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F4CP Making a High-Impact Impression
The Foundation for Chiropractic Progress has released details of its 2016 strategy, certain elements of which are already in play. The strategy includes ads, posters and other resources available to all F4CP members.
Your Billing Questions Answered
I hear a lot of the following questions: I am afraid I may doing something illegal. I have heard I cannot have different fees for the same service.
Dietary Fat and Prostate Cancer: An Important Update
K.M. Di Sebastiano and M. Mourtzakis published a review paper examining the role of dietary fat on prostate cancer development and progression late last year that does a stellar job of summarizing the available data on fat and prostate cancer.
Tailor-Made Knee Pain: The Sartorius Muscle
A patient was referred to my office after receiving treatment from various providers with no results. The patient was training for the Olympics as a marathon runner and was unable to run or walk without severe medial knee pain.
Diagnose Sprain Injuries in MVA Cases With Dynamic X-Rays (Pt. 1)
Am I the only person to notice hospitals are doing a seemingly insufficient job lately in their initial radiological workup of motor vehicle accident (MVA) victims?
Targeting the Bad Apples in the Bunch
While everyone was focused on the conversion to ICD-10, the Office of Inspector General for Health and Human Services released a new report on chiropractic titled "CMS Should Use Targeted Tactics to Curb Questionable and Inappropriate Payments for Chiropractic Services."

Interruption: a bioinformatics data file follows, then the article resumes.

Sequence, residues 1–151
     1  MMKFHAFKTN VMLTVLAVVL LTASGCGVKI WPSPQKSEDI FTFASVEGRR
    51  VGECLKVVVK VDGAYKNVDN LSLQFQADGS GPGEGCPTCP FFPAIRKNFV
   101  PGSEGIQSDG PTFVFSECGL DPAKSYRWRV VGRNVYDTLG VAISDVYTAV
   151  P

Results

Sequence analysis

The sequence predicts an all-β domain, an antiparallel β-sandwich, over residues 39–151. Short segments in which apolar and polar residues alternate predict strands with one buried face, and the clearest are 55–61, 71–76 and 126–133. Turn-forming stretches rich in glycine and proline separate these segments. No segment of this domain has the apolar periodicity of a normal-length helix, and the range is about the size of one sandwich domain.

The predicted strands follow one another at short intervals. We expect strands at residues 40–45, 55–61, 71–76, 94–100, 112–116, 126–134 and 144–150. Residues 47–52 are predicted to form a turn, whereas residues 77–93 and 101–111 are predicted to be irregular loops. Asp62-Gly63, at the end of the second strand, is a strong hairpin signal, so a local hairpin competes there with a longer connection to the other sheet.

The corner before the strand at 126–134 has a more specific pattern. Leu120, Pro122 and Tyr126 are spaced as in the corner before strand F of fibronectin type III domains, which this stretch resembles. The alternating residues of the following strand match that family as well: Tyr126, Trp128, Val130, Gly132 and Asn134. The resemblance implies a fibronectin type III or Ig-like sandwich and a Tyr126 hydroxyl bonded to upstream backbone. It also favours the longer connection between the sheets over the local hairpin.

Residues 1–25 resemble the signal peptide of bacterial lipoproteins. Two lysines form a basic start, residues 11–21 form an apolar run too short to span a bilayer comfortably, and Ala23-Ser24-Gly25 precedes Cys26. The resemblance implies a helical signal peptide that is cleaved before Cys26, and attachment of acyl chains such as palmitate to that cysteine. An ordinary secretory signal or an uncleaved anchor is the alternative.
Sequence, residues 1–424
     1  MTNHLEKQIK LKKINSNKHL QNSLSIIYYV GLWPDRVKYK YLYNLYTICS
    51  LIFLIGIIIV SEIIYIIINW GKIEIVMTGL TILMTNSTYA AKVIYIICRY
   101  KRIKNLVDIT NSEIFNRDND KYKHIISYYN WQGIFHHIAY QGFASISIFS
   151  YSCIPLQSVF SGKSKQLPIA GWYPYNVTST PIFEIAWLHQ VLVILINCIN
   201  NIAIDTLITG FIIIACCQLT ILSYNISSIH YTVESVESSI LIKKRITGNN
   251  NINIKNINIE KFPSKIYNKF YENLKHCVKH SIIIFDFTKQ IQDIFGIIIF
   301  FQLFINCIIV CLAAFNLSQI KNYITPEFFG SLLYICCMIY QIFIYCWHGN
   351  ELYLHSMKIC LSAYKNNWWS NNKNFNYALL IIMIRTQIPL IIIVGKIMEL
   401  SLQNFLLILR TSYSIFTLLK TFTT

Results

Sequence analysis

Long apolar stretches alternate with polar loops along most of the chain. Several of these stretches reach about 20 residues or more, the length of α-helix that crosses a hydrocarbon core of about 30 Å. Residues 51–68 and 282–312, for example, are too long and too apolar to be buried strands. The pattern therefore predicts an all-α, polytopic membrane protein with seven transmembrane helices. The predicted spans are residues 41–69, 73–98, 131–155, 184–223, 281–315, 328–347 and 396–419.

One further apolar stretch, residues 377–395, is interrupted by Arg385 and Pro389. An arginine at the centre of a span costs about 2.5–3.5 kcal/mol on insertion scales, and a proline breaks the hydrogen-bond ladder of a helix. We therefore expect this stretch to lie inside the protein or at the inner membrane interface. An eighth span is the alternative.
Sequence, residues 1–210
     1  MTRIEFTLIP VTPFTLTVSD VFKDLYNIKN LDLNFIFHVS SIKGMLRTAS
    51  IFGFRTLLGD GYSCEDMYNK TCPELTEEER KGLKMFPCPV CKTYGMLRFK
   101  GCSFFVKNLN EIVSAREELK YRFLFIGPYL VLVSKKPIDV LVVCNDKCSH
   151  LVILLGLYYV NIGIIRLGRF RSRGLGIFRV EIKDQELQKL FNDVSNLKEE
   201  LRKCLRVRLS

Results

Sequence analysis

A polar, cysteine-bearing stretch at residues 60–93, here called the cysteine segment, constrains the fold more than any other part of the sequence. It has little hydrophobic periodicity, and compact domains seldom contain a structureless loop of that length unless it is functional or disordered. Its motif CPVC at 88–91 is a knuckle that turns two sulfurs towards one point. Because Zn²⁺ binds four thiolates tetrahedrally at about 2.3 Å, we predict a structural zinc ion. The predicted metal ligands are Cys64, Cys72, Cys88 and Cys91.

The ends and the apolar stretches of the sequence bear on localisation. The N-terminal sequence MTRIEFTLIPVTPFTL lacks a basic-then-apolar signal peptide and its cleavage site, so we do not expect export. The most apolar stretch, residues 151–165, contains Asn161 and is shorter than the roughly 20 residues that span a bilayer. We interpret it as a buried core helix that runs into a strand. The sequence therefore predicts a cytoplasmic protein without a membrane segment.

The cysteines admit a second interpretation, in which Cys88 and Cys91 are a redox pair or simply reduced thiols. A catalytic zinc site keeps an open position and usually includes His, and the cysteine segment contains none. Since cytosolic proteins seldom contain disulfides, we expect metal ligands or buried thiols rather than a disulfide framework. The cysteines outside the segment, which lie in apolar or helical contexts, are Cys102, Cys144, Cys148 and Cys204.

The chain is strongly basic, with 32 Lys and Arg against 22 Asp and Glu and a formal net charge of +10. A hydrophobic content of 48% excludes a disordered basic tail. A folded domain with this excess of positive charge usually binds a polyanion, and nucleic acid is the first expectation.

Acupuncture Rising: From Acupuncture Anesthesia to Assisted-IVF, Part 2
Acupuncture's cultural and historical roots go back to the emergence of Chinese civilization. For more than 2,000 years, acupuncture needling has been continuously practiced on the largest population in the world.
Mechanism: Experimental Approaches to Understanding Acupuncture, Part 1
The clinical benefits of acupuncture are difficult to ignore, but also can be difficult to explain to a Western audience. For nearly 50 years, relentlessly inquisitive scientists and physicians have been working toward a conceptual model to explain acupuncture.
Pro-Con: Swaddling for Newborns
The practice of swaddling has been used for thousands of years and was popular until the 1700s, when it was slowly abandoned by many cultures that considered it old-fashioned or barbaric.
Which Way is the Energy Going? Are You Burning Yourself Out?
One of the simple methods that I use to define Yin/Yang theory to patients is to ask the question, "Which way is your energy going?"
The Concussion-Subluxation Complex
In the Aug. 1, 2014 issue of Dynamic Chiropractic, I reviewed some of the literature demonstrating the role of the chiropractic adjustment in post-concussive care.
Designing a Fitness Plan (Part 1)
It doesn't matter if you come to my practice for pain relief, weight loss, healthy aging or something else. The formula I talk about for each patient's fitness strategy is pretty much the same.
It's Time to Review
It is amazing to see the changes that are occurring in the acupuncture profession. Let's look at some of the news and events that have contributed to this growth and awareness.
North Carolina Acupuncture Board Files Dry Needling Lawsuit
In early September, the NCALB filed a complaint against the North Carolina Board of Physical Therapy Examiners over the issue of dry needling, a form of acupuncture that uses solid needles to puncture the skin and muscle tissue to relieve pain.
The Modern Application of Ancient Mei Rong
Chinese Medical Cosmetology (Mei Rong) has a well-documented and venerated history dating back to the Qin (221-206 BC) Dynasty.
Born to Energize the Human Spirit: Recollections of Sig Miller
Sig Miller, longtime executive director of the Association of New Jersey Chiropractors (ANJC), passed away on Sept. 17 after a long battle with cancer.